Biodiversity, Climate Change, Environment, Headlines, Latin America & the Caribbean, Tierramerica

ENVIRONMENT-SOUTH AMERICA: Mapping the Riches of the Tropical Andes

Humberto Márquez* - Tierramérica

CARACAS, Aug 8 2009 (IPS) - The Ecosystems Map of the Northern and Central Andes could serve as a guide for environmental conservation of this South American area covering 1.5 million square kilometres and holding the world’s highest concentration of biodiversity.

Bolivian hillside village in Los Yungas, in the tropical Andes. Credit: Diana Cariboni/IPS

Bolivian hillside village in Los Yungas, in the tropical Andes. Credit: Diana Cariboni/IPS

The tropical Andes, the stretch of the mountain range that includes the Central Andes (Bolivia and Peru) and Northern Andes (Ecuador, Colombia and Venezuela), were dubbed the “global epicentre of biodiversity” by British ecologist Norman Myers.

The zone holds 45,000 types of plants (20,000 of which are endemic) and 3,400 vertebrate animal species (more than 1,500 of which are endemic) on just one percent of the planet’s land surface, according to figures from Conservation International.

These riches “are distributed among 133 specific ecosystems that we have inventoried for our map of areas at more than 500 metres of altitude, of which 77 are in Peru, 69 in Bolivia, 31 in Ecuador, 22 in Colombia and 21 in Venezuela,” environmentalist Eulogio Chacón-Moreno, head of the project in Venezuela, told Tierramérica.

The map, initially presented in April, was conceived as a tool to “identify gaps and priorities for conservation in the national agencies for protected areas, and to develop a set of indicators that allows us to assess the state of conservation of the Andean ecosystems,” said Chacón-Moreno.

Such is the case of the “páramos”, treeless high plateaus “with a high percentage of endemic species, unique diversity for the way the species interrelate, and a highly important source of freshwater,” Vanessa Cartaya, of the regional Andean Páramo Project, sponsored by the Global Environment Facility, told Tierramérica.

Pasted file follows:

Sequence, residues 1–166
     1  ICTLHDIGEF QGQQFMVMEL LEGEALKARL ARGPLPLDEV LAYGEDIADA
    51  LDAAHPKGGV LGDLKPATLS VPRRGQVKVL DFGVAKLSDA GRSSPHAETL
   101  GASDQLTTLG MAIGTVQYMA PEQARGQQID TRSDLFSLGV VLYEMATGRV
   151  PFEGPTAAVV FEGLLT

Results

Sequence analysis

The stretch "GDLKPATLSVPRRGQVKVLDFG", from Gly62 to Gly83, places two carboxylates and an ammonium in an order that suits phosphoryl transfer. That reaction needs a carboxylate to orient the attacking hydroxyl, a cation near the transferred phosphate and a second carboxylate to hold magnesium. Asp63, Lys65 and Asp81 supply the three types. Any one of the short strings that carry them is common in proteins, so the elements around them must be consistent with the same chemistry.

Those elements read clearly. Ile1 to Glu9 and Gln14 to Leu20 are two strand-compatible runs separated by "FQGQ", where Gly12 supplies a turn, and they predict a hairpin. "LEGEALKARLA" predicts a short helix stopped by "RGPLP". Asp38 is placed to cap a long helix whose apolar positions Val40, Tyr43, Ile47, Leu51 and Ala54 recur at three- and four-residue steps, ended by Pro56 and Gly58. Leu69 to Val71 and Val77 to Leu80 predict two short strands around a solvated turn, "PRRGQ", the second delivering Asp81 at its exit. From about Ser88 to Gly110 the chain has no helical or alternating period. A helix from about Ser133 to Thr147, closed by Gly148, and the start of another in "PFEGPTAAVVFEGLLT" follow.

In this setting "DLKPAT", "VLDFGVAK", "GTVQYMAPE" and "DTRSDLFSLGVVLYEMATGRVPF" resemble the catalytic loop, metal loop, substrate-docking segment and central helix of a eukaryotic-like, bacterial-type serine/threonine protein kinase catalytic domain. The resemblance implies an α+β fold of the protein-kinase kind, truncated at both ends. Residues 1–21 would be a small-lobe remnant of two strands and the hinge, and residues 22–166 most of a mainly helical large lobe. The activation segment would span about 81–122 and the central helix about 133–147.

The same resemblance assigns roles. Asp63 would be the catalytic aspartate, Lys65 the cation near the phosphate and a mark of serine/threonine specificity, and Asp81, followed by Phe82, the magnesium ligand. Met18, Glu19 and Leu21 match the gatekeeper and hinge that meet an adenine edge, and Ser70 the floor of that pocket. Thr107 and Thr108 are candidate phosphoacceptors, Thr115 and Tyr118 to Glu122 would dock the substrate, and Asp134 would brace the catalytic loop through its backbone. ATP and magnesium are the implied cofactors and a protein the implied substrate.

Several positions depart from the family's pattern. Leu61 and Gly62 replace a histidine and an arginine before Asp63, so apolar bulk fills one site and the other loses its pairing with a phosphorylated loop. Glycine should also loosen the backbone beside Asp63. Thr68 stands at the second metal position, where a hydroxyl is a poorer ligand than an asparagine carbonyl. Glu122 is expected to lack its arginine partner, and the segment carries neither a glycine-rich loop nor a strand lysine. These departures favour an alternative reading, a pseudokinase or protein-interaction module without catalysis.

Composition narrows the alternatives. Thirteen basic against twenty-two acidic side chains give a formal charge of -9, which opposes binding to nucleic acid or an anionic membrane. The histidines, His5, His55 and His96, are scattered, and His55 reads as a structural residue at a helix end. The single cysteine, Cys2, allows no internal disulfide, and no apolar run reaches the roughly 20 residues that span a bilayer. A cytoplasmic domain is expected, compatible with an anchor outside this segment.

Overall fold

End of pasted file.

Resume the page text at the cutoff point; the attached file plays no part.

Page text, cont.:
Cartaya underscored that the intensification of land use, expansion of the agricultural frontier, growing urbanisation and increased demand for potable water, as well as climate change, “affect the páramos to a great extent, making it essential to determine which areas are the priority for action.”

The páramos are situated between 3,000 and 4,500 metres above sea level in the Northern and Central Andes, with temperature, humidity, sunshine, rain and wind factors that make them quite different from the lower altitude tropics that surround them.

The high altitude flower known in Spanish as “frailejón” (Espeletia neriifolia) is emblematic of this ecosystem.

“The páramo functions like a sponge, absorbing rainwater before filtering and releasing it” into other ecosystems, states the text that accompanies the map. The mountaintops hold remnants of glaciers and lakes that feed streams and springs.

The project was based on studies and maps available from national institutes, standardising their data. Some of the maps used are: the Vegetation Map of Bolivia, Map of Ecosystems of the Colombian Andes, Map of Ecuador’s Continental Ecological Systems, Forest Map of Peru, and the Map of Ecological Units of Mérida, Venezuela.

Plans are in the works to publish an atlas in 2010, with a preliminary version already available on the Internet.